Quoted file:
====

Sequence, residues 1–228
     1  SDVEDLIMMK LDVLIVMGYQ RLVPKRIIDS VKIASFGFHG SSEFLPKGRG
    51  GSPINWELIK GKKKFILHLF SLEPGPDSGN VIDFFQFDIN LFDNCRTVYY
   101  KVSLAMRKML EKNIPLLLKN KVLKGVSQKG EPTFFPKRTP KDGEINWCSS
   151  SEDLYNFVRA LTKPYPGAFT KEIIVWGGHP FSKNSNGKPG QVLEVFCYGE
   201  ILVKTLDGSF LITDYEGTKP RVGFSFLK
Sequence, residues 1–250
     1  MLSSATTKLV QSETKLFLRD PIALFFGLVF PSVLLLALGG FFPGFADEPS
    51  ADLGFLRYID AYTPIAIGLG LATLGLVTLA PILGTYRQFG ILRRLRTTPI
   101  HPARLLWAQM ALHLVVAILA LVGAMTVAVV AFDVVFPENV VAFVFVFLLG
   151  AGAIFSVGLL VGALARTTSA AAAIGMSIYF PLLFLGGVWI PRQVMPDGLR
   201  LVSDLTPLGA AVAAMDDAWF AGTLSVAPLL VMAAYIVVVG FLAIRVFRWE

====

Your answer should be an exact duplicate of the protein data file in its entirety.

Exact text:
Sequence, residues 1–228
     1  SDVEDLIMMK LDVLIVMGYQ RLVPKRIIDS VKIASFGFHG SSEFLPKGRG
    51  GSPINWELIK GKKKFILHLF SLEPGPDSGN VIDFFQFDIN LFDNCRTVYY
   101  KVSLAMRKML EKNIPLLLKN KVLKGVSQKG EPTFFPKRTP KDGEINWCSS
   151  SEDLYNFVRA LTKPYPGAFT KEIIVWGGHP FSKNSNGKPG QVLEVFCYGE
   201  ILVKTLDGSF LITDYEGTKP RVGFSFLK
Sequence, residues 1–250
     1  MLSSATTKLV QSETKLFLRD PIALFFGLVF PSVLLLALGG FFPGFADEPS
    51  ADLGFLRYID AYTPIAIGLG LATLGLVTLA PILGTYRQFG ILRRLRTTPI
   101  HPARLLWAQM ALHLVVAILA LVGAMTVAVV AFDVVFPENV VAFVFVFLLG
   151  AGAIFSVGLL VGALARTTSA AAAIGMSIYF PLLFLGGVWI PRQVMPDGLR
   201  LVSDLTPLGA AVAAMDDAWF AGTLSVAPLL VMAAYIVVVG FLAIRVFRWE